Retailers rapidly responded to the pandemic by digitally transforming and need to make sure internal control environments have evolved at the same pace. 

Retailers are facing steep energy prices, supply chain issues and rising inflation, alongside the three significant events that have turned the world on its head: Brexit, the pandemic and now the Russian war against Ukraine. These significant challenges and events require retailers to re-think their processes and strategies on how they do business.

Retailers could be forgiven for thinking that things were looking up again. After a rocky two years, January saw sales improve and retail seemed to be making a comeback as the pandemic pressures eased. But the cost-of-living crisis and war in Ukraine has rocked consumer confidence and cast a shadow over the sector.

With new uncertainties mounting, organisations need to continually review their strategies once again. This follows the massive transformation to business processes and practices made to cope with the impact of the pandemic.

Experience shows us that emerging risks need to be discussed and brought into the boardroom on an ongoing basis. This is no longer a formal annual exercise – it requires constant horizon scanning.  The retail industry has responded quickly, and now is the right time for organisations to make sure they have designed and embedded effective internal controls in their new processes to ensure resilience and efficiency whilst mitigating future risks to their strategies.

Ultimately, having an effective internal control environment leads to fewer surprises (early warning systems), better decisions and enhanced trust and confidence for investors and stakeholders. The stronger reliable controls are designed and embedded, the easier it is to shift focus to new risk areas. A well-controlled business allows for focus on strategy, achieving goals and increasing profitability.

Why talk about controls now? Since the start of the pandemic, change in the retail sector has been nothing short of epic. Responding to public health measures, retailers accelerated their digitalisation programmes to move business online and continue serving consumers stuck at home in lockdowns.

The pandemic has shown us that a well-controlled business is more resilient and able to respond quicker to opportunities.

Online retail sales have grown substantially. Figures from the Office for National Statistics show 27%1 of sales are now online compared to 19% in February 2020 shortly before Covid-19 hit the UK. In fact, online sales peaked at almost 38% in January 2021 and show little sign of falling back to pre-pandemic levels.

Having an effective internal control environment will lead to fewer surprises, better decisions and enhanced trust and confidence for your investors and stakeholders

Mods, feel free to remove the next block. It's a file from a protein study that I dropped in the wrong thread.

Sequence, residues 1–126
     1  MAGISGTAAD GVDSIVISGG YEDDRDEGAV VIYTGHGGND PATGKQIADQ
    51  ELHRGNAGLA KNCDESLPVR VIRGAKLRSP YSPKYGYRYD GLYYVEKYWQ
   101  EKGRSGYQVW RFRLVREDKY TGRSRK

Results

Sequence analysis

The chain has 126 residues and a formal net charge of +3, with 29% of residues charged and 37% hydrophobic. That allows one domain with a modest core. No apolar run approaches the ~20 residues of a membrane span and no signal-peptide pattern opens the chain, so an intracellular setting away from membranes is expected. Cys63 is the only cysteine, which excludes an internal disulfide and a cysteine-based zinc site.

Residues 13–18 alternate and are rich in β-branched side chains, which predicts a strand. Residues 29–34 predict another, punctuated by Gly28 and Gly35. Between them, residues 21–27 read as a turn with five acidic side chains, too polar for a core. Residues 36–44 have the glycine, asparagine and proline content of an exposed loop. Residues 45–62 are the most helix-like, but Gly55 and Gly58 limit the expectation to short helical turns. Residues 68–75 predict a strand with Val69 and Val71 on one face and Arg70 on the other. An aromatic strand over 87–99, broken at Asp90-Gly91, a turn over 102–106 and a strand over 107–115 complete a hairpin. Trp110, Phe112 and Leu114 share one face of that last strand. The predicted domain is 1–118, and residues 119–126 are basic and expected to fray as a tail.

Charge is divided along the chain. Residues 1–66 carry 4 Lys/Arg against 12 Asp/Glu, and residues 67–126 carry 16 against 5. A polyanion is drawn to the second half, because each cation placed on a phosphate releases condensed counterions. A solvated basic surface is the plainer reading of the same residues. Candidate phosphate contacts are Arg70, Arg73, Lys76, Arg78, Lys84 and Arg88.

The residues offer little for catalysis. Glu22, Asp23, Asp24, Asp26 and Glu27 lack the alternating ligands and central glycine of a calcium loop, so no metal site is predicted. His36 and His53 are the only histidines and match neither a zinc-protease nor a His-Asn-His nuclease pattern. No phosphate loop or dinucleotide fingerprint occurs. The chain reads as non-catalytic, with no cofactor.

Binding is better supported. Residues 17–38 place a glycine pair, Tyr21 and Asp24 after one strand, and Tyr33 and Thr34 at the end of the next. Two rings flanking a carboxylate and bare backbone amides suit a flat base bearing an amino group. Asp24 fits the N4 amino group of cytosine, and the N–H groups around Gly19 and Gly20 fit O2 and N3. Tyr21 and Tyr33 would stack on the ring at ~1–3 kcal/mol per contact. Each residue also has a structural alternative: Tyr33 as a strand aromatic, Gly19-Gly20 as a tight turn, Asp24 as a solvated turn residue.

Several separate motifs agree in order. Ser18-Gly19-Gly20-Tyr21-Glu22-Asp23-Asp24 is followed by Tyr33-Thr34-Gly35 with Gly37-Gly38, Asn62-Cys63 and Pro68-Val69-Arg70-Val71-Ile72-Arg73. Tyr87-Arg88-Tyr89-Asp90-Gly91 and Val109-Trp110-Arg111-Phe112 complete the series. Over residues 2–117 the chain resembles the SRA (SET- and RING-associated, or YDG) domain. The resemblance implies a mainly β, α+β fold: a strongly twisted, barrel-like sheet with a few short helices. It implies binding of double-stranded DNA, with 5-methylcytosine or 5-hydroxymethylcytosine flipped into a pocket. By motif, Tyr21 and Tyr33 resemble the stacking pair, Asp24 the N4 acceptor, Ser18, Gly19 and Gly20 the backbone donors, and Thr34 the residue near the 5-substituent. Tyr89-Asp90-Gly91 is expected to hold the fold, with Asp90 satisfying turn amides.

Everything from customer service, logistics and supply chains have been reorganised, online sales, inventory and warehousing systems have been overhauled, employees have moved to home-working, and cybersecurity has shifted back up the list of retailer’s priorities.

Disruption like that inevitably means a change in working practices and procedures. And to do that requires robust internal controls.

There is no doubt those ‘makeshift’ controls worked, in fact, they saw the sector through a major crisis. However, the accelerated pace of change inevitably means quick fixes were applied and their design may not meet future needs. Inflation, the cost-of-living crisis and geopolitical instability means storm clouds are gathering.

Simple, strong controls make good business sense. Irrespective of compliance requirements, with specific reference to the government white paper ‘Restoring Trust in Audit and Corporate Governance’ which proposes a new internal controls regime. In the last two years, we have seen many unanticipated changes which have made businesses more agile and creative but also more risk-conscious. Therefore, to continue growing sustainably it is important to get the foundational internal controls right.  Controls that are designed specifically to support the delivery of a company’s strategic objectives are more achievable.

Practical advice 

Let us not forget that this is a journey. The quickest way to start is with a gap analysis. This provides an understanding of where you are now and a view of where you want to go.

Control environment maturity may range from ‘limited’ with key controls identified and actions more reactive, all the way to ‘fully embedded’ with an optimised suite of controls that are continuously monitored, giving oversight and visibility as well as confidence that controls are working effectively. Once you know where you are and where you want to go, you can feed that into your internal controls programme.

For a control framework to work effectively it needs to be continually monitored and refreshed, as well as scalable to accommodate changes to business processes. A good example of this is that the full impact of Brexit, which is still to be seen, will drive more changes. Retailers still need to keep an ear to the ground.

If you want to be ready and better prepared to respond to future shocks, are looking for confidence in the health of your business, want to achieve your strategy and goals - not to mention increase profitability –a strong control framework is essential!


1Office for National Statistics: 

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This article was also published in The Retailer, our quarterly online magazine providing thought-leading insights from BRC experts and Associate Members.